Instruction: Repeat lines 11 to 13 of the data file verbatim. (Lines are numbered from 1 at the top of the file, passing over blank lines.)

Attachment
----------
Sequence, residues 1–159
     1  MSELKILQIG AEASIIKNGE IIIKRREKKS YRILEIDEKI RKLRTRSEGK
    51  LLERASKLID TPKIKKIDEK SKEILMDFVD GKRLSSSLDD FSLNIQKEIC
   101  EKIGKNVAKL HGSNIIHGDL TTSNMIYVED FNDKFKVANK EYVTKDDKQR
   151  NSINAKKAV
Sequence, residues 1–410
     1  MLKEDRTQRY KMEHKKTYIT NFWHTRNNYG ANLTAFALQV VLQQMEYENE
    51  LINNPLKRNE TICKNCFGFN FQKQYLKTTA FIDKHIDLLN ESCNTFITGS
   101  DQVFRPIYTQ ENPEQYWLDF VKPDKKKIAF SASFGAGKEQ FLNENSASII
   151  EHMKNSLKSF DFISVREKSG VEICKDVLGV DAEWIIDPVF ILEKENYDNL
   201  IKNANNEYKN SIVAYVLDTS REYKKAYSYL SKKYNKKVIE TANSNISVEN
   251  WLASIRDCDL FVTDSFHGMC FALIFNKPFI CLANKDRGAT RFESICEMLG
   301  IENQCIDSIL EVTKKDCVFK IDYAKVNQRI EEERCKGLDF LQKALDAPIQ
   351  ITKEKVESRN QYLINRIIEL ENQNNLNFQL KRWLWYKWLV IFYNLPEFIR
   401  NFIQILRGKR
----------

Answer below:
   201  IKNANNEYKN SIVAYVLDTS REYKKAYSYL SKKYNKKVIE TANSNISVEN
   251  WLASIRDCDL FVTDSFHGMC FALIFNKPFI CLANKDRGAT RFESICEMLG
   301  IENQCIDSIL EVTKKDCVFK IDYAKVNQRI EEERCKGLDF LQKALDAPIQ